Political Primaries: How Are Candidates Nominated?
Article two, section one of the United States Constitution discusses the procedures to be followed when electing the president of the United States, but it does not provide guidance for how to nominate a presidential candidate. Currently, candidates go through a series of state primaries and caucuses where, based on the number of votes they receive from the electorate, they are assigned a certain number of delegates who will vote for them at their party's convention.
Earlier party conventions were raucous events, and delegates did not necessarily represent the electorate. Mrs. J.J. McCarthy describes her convention experience:
I can picture ... the great Democratic convention of 1894 at the old coliseum in Omaha... right now I can hear the Hallelluiahs of the assembled. Oh how I wish I had back the youth and the enthusiasm I felt that night, I jumped on a chair and ask[ed] that by a rising vote the nomination be made unanimous, how the people yelled, how the packed gallories [sic] applauded, it cheers an old man now to think about it.
Though these conventions were attended by delegates sent from their respective states, delegates were often chosen by state and party bosses with sway over the delegates' loyalties, instead of using the results of the primary elections; party bosses were accused of trading convention floor votes for power, patronage, or even cash. The excitement and corruption of party politics was not limited to the national arenas and big party players. E. R. Kaiser paints a picture of local party politics in the late 1800s:
Politics played a big part in the life of this town years ago. Campaigns were hot, and there was always a big celebration afterwards. ... Votes used to be bought -- that is before the secret ballot was adopted. Some sold 'em pretty cheap. I remember one old fellow who sold out to one party for a dollar -- then sold out to the other for the same price.
Many sought to reform conventions that uniformly ignored the will of individual voters in their selection of presidential candidates.
In the first decade of the 1900s, states began to hold primary elections to select the delegates who would attend national nominating conventions. The introduction of these primary elections mitigated the corrupt control of party and state bosses. But the widespread adoption of primary elections was not immediate and so they did not play as strong a role in determining a party's candidate as they do today.
In 1912, the first year in which a presidential candidate, two-time President Theodore Roosevelt, tried to secure his nomination through primary elections, nine states elected delegates that supported Roosevelt. Incumbent William Howard Taft won only one primary election. Despite Roosevelt's wholesale victory of the popular vote, Taft received the Republican nomination because only 42% of the delegates who attended the nominating convention had been selected through primary elections. The rest had been selected by party bosses who supported Taft and succeeded in granting him their party's nomination.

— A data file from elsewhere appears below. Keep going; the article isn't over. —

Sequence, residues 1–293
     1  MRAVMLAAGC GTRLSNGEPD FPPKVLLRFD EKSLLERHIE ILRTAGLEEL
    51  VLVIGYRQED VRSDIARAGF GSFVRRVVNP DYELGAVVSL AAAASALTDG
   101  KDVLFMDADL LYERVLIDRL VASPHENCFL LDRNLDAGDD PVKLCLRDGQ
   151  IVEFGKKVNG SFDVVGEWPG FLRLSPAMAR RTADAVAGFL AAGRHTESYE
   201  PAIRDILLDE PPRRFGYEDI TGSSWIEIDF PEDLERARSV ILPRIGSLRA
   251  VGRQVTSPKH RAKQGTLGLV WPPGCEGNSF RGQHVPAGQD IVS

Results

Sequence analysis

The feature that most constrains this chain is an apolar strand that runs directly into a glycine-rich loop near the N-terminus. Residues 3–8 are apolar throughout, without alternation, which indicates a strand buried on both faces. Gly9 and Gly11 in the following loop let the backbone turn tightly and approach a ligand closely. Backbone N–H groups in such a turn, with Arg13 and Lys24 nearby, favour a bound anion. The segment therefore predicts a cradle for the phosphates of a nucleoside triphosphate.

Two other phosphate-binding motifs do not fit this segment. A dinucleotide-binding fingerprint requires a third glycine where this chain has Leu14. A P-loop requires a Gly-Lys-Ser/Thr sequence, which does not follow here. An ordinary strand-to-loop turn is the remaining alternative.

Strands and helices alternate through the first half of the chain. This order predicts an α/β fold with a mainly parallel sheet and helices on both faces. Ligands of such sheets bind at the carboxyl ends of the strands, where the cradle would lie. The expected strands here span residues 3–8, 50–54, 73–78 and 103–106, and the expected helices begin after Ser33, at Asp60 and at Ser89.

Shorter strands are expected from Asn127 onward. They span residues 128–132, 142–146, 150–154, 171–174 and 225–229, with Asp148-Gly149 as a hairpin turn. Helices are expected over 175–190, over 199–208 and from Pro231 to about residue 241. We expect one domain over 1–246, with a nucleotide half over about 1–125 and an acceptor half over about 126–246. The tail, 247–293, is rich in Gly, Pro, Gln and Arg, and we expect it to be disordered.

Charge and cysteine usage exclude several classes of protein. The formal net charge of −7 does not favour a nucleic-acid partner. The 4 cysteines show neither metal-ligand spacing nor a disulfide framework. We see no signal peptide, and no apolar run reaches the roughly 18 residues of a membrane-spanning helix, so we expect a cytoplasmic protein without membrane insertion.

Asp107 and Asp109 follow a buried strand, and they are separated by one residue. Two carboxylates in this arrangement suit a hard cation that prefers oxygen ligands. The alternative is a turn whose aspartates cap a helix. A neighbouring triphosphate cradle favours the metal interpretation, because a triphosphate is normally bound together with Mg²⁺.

Failing to win the Republican nomination, Roosevelt and his supporters formed the Progressive Party, or Bull Moose Party, with Roosevelt as its presidential candidate. Roosevelt failed to win the Presidency that year, but with the help of the Progressive party, our country's primary system began to change. Fed up with corrupt party politics, Americans demanded and won reforms that reduced the power of party bosses. The introduction of the secret ballot had led the way in 1888. By the 1920s, almost every state had loosened the grip of political bosses and placed candidate selection more firmly in the hands of citizen voters.
As primaries were universally adopted as the method for selecting delegates, they became a more consequential part of the election process. Early primaries have taken on added importance as setting precedence and influencing the elections that follow in other states. Today, state legislatures capitalize on the importance of primaries and jockey for influence by scheduling their states' primaries and caucuses as early as possible, forcing presidential candidates to cater to their states.
Unlike the heated back-room nominations of the past, normally there are few surprises at today's national party conventions. Today, in 48 states, individuals participate in primaries or caucuses to elect delegates who support their presidential candidate of choice. At national party conventions, the presidential contender with the most state delegate votes wins the party nomination. Our extensive news media ensures that state delegate vote counts (and the apparent nominees) are well known before national conventions begin. As a result, modern national conventions don't select candidates. Instead, they launch nominees and election themes that carry through the race to the White House.